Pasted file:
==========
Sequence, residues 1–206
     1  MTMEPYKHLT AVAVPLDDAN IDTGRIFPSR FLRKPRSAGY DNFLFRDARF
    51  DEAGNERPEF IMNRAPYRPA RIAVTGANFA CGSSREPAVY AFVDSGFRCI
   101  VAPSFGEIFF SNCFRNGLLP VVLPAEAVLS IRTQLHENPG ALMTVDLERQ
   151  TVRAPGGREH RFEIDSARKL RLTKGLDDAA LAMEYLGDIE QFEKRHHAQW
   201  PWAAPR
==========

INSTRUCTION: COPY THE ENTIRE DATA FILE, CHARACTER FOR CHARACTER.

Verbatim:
Sequence, residues 1–206
     1  MTMEPYKHLT AVAVPLDDAN IDTGRIFPSR FLRKPRSAGY DNFLFRDARF
    51  DEAGNERPEF IMNRAPYRPA RIAVTGANFA CGSSREPAVY AFVDSGFRCI
   101  VAPSFGEIFF SNCFRNGLLP VVLPAEAVLS IRTQLHENPG ALMTVDLERQ
   151  TVRAPGGREH RFEIDSARKL RLTKGLDDAA LAMEYLGDIE QFEKRHHAQW
   201  PWAAPR